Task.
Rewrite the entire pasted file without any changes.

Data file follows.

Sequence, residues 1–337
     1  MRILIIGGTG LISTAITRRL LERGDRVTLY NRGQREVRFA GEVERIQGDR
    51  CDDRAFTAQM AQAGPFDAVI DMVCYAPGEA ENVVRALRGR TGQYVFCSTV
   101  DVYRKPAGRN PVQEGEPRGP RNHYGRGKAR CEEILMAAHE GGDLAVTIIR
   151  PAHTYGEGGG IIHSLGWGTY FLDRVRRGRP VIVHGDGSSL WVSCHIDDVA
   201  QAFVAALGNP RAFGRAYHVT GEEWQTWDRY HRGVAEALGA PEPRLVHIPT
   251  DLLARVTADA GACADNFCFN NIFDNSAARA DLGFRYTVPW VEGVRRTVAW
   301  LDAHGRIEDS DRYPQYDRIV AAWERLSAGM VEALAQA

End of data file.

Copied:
Sequence, residues 1–337
     1  MRILIIGGTG LISTAITRRL LERGDRVTLY NRGQREVRFA GEVERIQGDR
    51  CDDRAFTAQM AQAGPFDAVI DMVCYAPGEA ENVVRALRGR TGQYVFCSTV
   101  DVYRKPAGRN PVQEGEPRGP RNHYGRGKAR CEEILMAAHE GGDLAVTIIR
   151  PAHTYGEGGG IIHSLGWGTY FLDRVRRGRP VIVHGDGSSL WVSCHIDDVA
   201  QAFVAALGNP RAFGRAYHVT GEEWQTWDRY HRGVAEALGA PEPRLVHIPT
   251  DLLARVTADA GACADNFCFN NIFDNSAARA DLGFRYTVPW VEGVRRTVAW
   301  LDAHGRIEDS DRYPQYDRIV AAWERLSAGM VEALAQA